A posh London eatery just decided to charge you less on Mondays.
Bob Bob Ricard’s lobster macaroni and cheese has an off-peak price of £20.50 that rises to £26.50 on Saturday evenings. As they explained, they have a wait list of 400 for their busy days but serve only 40 lunches on certain weekdays. So why not attract those people who want to pay less?
Restaurants actually began using dynamic pricing seven years ago when Chicago’s Alinea first tried it. Charging more for that Saturday night 7:30 slot than Tuesday at 9:30, they were able to optimize their customer flow. During one Super Bowl, they tweeted, “Don’t care about football tonight? Come eat at Alinea instead. $165 super bowl special.” That 35 percent discount meant $23,800 of extra revenue or as they explained, “Not a normal night, but not a disaster.”
Somewhat similarly, apps like TasteBud enable restaurants to vary their discounts. It all depends on the day, time, demand and even the user’s buying history. Once a potential diner places an order, she will see where price is at that moment. One journalist who used the app throughout the day would have paid the least at 8:45 in the morning and during the mid-afternoon lull.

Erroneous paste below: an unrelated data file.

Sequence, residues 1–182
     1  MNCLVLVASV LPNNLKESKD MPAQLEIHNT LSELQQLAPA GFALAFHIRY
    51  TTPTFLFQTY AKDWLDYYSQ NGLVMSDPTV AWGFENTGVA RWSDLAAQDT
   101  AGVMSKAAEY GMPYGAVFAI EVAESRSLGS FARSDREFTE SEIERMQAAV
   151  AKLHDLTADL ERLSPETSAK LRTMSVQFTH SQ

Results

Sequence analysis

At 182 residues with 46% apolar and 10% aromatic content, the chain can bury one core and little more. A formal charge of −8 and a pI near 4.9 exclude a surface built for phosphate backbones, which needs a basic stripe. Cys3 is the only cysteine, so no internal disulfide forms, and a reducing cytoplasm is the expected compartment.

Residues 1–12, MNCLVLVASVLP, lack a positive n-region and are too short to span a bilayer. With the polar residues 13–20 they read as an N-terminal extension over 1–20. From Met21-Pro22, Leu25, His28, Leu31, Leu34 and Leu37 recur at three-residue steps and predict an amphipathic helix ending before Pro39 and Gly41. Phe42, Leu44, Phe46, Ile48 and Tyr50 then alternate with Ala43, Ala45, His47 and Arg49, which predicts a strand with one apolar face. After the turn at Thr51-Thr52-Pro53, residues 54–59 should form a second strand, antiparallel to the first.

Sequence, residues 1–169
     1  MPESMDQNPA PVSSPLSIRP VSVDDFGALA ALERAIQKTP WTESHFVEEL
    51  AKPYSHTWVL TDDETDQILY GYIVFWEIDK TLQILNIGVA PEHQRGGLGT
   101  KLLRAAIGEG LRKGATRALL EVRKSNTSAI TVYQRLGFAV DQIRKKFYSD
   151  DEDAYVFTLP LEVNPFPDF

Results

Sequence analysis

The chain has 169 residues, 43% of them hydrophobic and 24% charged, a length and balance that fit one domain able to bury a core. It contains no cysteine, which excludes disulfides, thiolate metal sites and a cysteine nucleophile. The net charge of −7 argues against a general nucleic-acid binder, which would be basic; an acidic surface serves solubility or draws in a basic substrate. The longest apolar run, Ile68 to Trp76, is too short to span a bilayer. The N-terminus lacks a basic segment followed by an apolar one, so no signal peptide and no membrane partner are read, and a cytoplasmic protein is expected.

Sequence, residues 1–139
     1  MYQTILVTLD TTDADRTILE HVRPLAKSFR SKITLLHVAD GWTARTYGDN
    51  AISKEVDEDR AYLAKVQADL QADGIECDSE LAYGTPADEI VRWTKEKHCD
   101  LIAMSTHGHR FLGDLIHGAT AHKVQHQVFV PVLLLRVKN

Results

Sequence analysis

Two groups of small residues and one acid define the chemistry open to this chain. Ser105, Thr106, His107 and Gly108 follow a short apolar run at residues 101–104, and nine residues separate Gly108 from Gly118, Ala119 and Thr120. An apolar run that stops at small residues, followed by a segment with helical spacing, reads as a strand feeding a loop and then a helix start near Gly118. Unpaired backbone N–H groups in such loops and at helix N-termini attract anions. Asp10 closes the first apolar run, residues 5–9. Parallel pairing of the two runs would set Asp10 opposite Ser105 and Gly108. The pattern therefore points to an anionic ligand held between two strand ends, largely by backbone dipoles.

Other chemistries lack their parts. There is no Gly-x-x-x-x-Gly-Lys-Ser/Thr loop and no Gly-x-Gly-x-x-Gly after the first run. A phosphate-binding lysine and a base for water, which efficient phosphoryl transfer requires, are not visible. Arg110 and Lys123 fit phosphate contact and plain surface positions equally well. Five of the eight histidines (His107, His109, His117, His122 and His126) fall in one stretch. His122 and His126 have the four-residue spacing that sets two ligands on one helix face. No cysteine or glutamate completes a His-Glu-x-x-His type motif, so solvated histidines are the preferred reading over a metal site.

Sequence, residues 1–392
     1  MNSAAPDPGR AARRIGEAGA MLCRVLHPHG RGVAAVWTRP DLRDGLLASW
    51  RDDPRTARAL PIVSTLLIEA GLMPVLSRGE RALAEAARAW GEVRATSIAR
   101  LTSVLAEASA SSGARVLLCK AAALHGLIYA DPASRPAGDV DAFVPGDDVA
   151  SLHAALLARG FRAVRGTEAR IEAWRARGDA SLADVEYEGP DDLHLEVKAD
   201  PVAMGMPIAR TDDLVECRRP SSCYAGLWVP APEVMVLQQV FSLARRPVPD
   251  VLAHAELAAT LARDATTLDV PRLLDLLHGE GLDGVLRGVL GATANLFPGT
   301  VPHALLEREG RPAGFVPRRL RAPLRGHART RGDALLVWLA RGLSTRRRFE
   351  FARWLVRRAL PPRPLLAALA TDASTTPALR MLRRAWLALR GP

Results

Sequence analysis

The Price Tag
Looking back, we would see it was not unusual to charge different prices for the same items…until we had price tags.
Before the 1870s, a different price for each customer had been the norm. Walking into a small London store during the early 19th century, you were prepared to bargain. Trained to haggle, clerks knew what was high, what was low and what would generate a profit. The process was time consuming and it meant the seller and buyer became adversaries.
But then we had the invention of the 19th century department store. Think New York’s Macy’s. It would have been impossible and impractical to train hundreds of employees to negotiate a price for thousands of items. The result? The price tag.
Returning to Dynamic Pricing
Now though we are almost back to where we started. While we have not returned to haggling, we do have different prices for the same item from the same seller. Whether dealing with restaurants or airlines, Disney or Amazon, we could be paying more or less than our neighbor for the same items.
Our Bottom Line: Pricing Power
Whenever they have some monopoly power, business firms act more as price makers than price takers. Price makers have the power to shift their own supply curve to a new position. As a result, they help to decide where supply will cross demand to determine price.
Really though, it is just about the law of demand. When price drops, we are willing and able to buy more. So, by charging different prices for the same meal, Bob Bob Ricard can cater to different diners and sell more lobster mac and cheese.
My sources and more: Seeing here and here that a top London restaurant (with a Champagne button at every table) was using dynamic pricing, I thought of this app and the models they were copying at Amazon and the airlines.
Please note that sections of our dynamic pricing discussion were published in a previous econlife post.